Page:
6. Morocco is a patriarchal society
FICTION. There seems to be a common misconception that Morocco is a patriarchal society due to the fact that it is a Muslim-majority country. Recent socio-economic developments and rapidly changing lifestyles have shaken the foundations of a traditionally patriarchic society and led to a rise in matriarchal power.
Gender gaps have severely decreased and gender roles have been redefined. Women’s financial autonomy has rearranged the Moroccan social scene due to the fact that women are now as independent and have as many rights as men, stripping men of their historical superiority.
It is true that there are many things that this society needs to work on in terms of completely eliminating male dominance, but these immense changes taking place in Moroccan society recently are a big step toward achieving the goal.
7. Moroccans Can’t Speak Arabic
Arabic calligraphy, a Mosque in Rabat, Morocco[/caption]
Moroccan Arabic (Darija) is based off of classical Arabic but was altered due to French, Spanish and English influences. Though it is somewhat different from other dialects, most Moroccans understand and speak conventional Arabic as it is widely taught in public schools.
8. Morocco is an unsafe country
FICTION. The Arab world is often labeled as violent and unsafe without acknowledging that there are regions that are far from conflicts and war. To this day, Morocco retains a stable political environment and is varied geographically, from the tourist-friendly resorts on the Atlantic coast to the exotic medinas in the interior cities. The recent peaceful protests in Rabat and Casablanca that were part of the Arab Spring did not inhibit or deter the safety of the nation as a whole.
9. Morocco is a poor country
FICTION. Morocco is defined as a developing country that has capitalized on low-cost labor to build a diverse, profitable market. Recent years showed impressive economic growth despite of the European economic slowdown in 2012.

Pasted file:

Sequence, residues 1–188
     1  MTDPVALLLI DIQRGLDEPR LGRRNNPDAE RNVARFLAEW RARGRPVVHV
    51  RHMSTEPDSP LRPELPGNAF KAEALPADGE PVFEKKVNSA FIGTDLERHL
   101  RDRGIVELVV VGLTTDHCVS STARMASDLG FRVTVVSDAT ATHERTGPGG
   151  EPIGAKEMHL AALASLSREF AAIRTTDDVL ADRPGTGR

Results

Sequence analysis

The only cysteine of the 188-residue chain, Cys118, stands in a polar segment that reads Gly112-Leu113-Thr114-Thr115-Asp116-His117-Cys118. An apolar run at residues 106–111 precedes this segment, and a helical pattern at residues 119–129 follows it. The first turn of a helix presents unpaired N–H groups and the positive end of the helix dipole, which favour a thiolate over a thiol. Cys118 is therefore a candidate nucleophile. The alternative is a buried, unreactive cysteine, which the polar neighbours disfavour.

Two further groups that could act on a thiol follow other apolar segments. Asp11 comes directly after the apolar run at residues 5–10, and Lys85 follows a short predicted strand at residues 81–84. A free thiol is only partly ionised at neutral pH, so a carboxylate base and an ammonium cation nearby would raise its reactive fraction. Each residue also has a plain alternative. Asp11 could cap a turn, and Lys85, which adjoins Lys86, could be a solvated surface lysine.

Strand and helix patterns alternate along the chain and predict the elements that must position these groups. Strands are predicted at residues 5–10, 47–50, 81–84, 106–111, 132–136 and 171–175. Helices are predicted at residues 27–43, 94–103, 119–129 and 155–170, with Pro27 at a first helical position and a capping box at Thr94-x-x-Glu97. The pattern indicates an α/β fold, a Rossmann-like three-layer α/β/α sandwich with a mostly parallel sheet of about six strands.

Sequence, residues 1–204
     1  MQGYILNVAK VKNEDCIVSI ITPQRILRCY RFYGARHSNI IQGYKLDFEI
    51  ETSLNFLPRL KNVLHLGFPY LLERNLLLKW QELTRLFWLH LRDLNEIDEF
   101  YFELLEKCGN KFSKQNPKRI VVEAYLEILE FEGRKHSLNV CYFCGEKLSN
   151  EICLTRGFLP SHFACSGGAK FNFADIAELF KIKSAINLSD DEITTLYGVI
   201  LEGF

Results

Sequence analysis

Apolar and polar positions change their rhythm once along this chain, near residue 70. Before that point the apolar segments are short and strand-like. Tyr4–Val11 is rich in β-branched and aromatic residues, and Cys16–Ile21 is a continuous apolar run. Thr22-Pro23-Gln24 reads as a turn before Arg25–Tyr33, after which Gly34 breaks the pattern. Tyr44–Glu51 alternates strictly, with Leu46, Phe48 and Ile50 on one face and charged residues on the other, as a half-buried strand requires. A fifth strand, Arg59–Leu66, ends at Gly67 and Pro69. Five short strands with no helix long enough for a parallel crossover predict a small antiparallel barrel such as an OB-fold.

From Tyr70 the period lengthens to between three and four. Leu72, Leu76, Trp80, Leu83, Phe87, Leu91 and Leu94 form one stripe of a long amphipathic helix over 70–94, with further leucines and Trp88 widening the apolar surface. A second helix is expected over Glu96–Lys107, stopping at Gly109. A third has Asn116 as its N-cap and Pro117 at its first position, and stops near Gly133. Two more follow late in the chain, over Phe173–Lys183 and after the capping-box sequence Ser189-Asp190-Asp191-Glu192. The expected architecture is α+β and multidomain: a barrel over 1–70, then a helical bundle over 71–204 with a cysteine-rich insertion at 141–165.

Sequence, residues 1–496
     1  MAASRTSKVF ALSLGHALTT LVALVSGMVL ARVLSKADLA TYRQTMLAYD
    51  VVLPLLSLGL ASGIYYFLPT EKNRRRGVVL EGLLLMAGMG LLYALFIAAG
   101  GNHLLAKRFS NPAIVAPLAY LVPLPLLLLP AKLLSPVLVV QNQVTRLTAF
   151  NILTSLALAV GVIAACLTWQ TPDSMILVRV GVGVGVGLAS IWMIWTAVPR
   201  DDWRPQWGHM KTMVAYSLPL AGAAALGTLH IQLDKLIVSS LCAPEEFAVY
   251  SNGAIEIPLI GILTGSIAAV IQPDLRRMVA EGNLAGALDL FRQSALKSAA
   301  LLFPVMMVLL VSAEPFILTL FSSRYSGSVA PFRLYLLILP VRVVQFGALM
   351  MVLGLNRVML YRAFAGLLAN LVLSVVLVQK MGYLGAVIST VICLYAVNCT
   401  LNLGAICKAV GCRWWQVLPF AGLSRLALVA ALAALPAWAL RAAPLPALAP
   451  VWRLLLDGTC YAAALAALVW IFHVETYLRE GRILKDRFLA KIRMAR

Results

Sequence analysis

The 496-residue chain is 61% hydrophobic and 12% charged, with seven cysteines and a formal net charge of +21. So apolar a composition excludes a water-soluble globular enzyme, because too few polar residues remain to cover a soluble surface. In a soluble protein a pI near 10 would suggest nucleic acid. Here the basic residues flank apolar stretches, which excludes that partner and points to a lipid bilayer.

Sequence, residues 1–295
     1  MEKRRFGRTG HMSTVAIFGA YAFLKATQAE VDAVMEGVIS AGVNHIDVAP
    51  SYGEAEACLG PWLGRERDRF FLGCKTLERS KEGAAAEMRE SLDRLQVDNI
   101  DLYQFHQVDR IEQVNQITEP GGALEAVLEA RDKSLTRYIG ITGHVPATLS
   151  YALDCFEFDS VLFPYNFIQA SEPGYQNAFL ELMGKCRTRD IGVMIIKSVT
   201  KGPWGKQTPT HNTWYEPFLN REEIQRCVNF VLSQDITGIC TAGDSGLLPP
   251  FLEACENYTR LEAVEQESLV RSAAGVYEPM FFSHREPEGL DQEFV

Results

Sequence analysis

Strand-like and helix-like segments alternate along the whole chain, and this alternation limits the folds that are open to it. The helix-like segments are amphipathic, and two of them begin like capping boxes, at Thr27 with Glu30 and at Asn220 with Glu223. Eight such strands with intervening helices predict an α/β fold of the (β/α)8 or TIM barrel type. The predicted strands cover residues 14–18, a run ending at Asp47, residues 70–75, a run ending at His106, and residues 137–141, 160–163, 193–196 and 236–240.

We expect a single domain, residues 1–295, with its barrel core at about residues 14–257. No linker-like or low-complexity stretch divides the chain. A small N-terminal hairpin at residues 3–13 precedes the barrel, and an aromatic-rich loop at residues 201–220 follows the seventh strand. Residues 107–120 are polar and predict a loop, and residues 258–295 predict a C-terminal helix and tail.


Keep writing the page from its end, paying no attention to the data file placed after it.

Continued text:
The new infrastructure improvements are most visibly illustrated by a new port and free trade zone near Tangier which are improving Morocco's global competitiveness. Although still engaged in the process of decreasing the rural poverty rate, Morocco remains the top destination for foreign investors in the Maghreb region.
10. Moroccans are racists
FICTION. Morocco is a melting pot of ethnic groups that include Berbers, Sub-Saharan Africans, Europeans, and many others. There is a lot of diversity and tourism in the kingdom, and hospitality plays a major role in the culture. It is an essential element to our culture to be warm and welcoming to foreigners.
For example, a commonly held belief is that a stranger would be fed and taken care of with the rationale that that same person offering the hospitality may have the same needs one day.
It is said that one of the best ways to dive into the Moroccan culture is to strike up a conversation with the person sitting next to you at a local cafe. A simple conversation could lead to a lifelong friendship after you leave Morocco.
Nonetheless, just like any other nation in the world, racism is still an issue that needs to be dealt with, especially regarding immigrants seeking jobs and opportunities.
Source: Morocco World News.